Hellebore is a great water-wise choice for hard-to-plant spot: dry shade
|Hellebores offer long-lasting blooms in dry shade. (Photo: Debbie Arrington)|
This “rose” blooms where (and when) others won’t. It flowers in dry shade – in late winter.
On March 2, the first day of Lent, my Lenten roses were in full flower. In shades from near black to creamy pale green, those interesting blooms actually arrived way early; they’ve been opening for most of February. But they’re so long lasting, they’ll still be around for Easter.
“Lenten rose” is the nickname for hellebore, a wonderful shade-loving perennial. Despite the nickname, they’re only a distant relative of roses. They’re actually close cousins to ranunculus.
Native to Southeastern Europe, hellebores are well adapted to our Mediterranean climate. Once established, they can get by with only twice-monthly irrigation, which makes them a great pick for water-wise landscapes.
Naturally compact, they love dry filtered shade, such as under trees. Hellebores can tolerate some sun, too; just not full Sacramento summer sun.
Their large, leathery leaves stay close to the ground, usually under 1 foot tall. In winter, they send up flower stalks with large bell-like blooms.
These plants are extremely low maintenance. Unlike roses, Lenten roses need no pruning. Just snip off any unattractive leaves in summer.
Another plus for hellebores: Deer don’t like them. Hellebores also can tolerate colder temperatures, making them ideal for foothill gardens.
New hybrids have expanded the range of hellebore colors and petal patterns, from pure white to darkest purple black. Most varieties fade to shades of pink or purple.
Two hybrid hellebores have been featured by the UC Davis Arboretum as part of its water-wise plant collections: Pink Frost ( Helleborus X ballardiae ‘Coseh 710’ ) and Mahogany Snow ( Helleborus X ballardiae ‘Coseh 930’ ).
Pink Frost has striking cream-colored flowers with pretty pink edges that last for weeks in the garden. Mahogany Snow is similar with creamy petals reversed with dark pink. Those varieties and others can be seen in the arboretum’s Terrace Garden and Ruth Risdon Storer Garden.
Corsican hellebores, which have bright green flowers, are featured in the Arboretum’s White Flower Garden near the gazebo.
See them in bloom now. For more information, visit the arboretum’s website: https://arboretum.ucdavis.edu .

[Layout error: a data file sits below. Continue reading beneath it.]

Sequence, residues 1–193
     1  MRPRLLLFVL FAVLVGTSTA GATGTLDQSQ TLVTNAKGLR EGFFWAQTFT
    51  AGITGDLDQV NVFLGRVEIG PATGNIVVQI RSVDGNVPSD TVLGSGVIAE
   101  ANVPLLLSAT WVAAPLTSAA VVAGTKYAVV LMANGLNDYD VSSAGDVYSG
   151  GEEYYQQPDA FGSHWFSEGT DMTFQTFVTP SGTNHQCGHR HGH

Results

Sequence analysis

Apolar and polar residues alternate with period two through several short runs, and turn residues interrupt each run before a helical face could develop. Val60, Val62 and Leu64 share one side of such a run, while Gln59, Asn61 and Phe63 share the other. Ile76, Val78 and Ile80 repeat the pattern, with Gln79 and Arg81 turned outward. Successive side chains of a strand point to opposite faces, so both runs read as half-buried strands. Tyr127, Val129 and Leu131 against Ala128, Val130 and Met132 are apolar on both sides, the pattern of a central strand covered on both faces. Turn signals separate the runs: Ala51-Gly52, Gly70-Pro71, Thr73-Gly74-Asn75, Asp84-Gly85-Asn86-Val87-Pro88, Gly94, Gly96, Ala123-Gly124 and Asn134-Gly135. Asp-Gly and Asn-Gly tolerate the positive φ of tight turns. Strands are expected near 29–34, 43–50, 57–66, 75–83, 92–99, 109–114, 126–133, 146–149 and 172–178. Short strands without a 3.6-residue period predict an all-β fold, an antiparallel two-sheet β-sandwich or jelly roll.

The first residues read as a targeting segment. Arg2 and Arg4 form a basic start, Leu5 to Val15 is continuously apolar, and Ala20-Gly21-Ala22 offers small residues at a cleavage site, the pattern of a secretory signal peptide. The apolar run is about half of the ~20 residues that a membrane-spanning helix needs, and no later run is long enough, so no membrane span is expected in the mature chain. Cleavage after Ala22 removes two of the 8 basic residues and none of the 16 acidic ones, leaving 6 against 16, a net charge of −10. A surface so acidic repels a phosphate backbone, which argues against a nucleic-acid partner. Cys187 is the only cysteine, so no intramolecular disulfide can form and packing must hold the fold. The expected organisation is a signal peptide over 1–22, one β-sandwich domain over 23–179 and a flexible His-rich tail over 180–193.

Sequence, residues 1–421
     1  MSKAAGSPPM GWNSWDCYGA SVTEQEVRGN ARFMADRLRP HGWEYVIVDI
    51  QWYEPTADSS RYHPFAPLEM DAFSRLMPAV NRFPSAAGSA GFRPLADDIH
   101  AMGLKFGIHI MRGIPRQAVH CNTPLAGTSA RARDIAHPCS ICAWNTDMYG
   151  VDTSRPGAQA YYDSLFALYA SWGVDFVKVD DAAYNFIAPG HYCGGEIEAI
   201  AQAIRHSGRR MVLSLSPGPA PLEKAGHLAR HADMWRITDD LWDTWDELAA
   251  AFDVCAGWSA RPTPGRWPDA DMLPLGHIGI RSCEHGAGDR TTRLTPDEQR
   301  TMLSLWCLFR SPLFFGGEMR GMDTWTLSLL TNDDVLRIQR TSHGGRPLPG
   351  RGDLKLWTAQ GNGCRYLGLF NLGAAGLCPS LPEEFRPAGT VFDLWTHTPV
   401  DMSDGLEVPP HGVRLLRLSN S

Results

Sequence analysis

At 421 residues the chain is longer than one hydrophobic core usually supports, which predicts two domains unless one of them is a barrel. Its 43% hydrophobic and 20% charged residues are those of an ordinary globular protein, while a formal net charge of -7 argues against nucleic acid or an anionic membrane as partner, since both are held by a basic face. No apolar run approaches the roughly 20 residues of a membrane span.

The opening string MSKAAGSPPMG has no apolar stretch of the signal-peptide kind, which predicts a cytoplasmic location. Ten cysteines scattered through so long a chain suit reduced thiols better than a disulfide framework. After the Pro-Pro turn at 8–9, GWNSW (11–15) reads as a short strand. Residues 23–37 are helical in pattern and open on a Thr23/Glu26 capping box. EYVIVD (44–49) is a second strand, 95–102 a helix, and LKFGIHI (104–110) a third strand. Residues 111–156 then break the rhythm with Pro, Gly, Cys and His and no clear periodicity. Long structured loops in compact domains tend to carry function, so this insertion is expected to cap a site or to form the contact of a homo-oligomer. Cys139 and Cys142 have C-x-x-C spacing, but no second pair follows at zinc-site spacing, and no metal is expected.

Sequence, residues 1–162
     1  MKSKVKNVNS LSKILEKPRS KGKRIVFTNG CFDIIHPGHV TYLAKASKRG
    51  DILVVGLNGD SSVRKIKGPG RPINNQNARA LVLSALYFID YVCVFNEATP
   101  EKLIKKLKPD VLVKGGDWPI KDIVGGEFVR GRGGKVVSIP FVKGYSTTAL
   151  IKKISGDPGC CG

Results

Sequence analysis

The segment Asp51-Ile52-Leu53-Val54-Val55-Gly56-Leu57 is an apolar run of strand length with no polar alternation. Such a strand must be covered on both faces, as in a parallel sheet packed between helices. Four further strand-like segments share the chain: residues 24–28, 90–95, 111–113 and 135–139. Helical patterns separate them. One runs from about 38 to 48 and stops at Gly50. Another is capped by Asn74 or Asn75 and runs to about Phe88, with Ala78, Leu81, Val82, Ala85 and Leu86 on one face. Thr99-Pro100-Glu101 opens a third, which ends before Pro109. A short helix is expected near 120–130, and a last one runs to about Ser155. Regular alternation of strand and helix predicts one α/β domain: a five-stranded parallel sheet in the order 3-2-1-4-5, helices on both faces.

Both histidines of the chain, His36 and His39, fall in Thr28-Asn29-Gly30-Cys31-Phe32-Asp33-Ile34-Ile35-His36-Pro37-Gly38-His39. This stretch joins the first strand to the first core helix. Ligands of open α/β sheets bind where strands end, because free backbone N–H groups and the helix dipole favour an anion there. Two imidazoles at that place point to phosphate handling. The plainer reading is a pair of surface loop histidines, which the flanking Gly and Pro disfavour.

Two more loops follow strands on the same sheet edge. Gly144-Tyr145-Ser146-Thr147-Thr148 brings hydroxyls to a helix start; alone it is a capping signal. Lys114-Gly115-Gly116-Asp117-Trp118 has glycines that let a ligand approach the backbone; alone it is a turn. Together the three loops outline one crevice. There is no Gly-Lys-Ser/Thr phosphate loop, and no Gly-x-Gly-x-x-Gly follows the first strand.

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Dig In: Garden checklist for week of Feb. 5
Make the most of sunny days and get winter tasks done:
* This is the last chance to spray fruit trees before they bloom. Treat peach and nectarine trees with copper-based fungicide. Spray apricot trees at bud swell to prevent brown rot. Apply horticultural oil to control scale, mites and aphids on fruit trees soon after a rain. But remember: Oils need at least 24 hours to dry to be effective. Don’t spray during foggy weather or when rain is forecast.
* Feed spring-blooming shrubs and fall-planted perennials with slow-release fertilizer. Feed mature trees and shrubs after spring growth starts.
* Finish pruning roses and deciduous trees.
* Remove aphids from blooming bulbs with a strong spray of water or insecticidal soap.
* Fertilize strawberries and asparagus.
* Transplant or direct-seed several flowers, including snapdragon, candytuft, lilies, astilbe, larkspur, Shasta and painted daisies, stocks, bleeding heart and coral bells.
* In the vegetable garden, plant Jerusalem artichoke tubers, and strawberry and rhubarb roots.
* Transplant cabbage and its close cousins – broccoli, kale and Brussels sprouts – as well as lettuce (both loose leaf and head).
* Plant artichokes, asparagus and horseradish from root divisions.
* Plant potatoes from tubers and onions from sets (small bulbs). The onions will sprout quickly and can be used as green onions in March.
* From seed, plant beets, chard, lettuce, mustard, peas, radishes and turnips.
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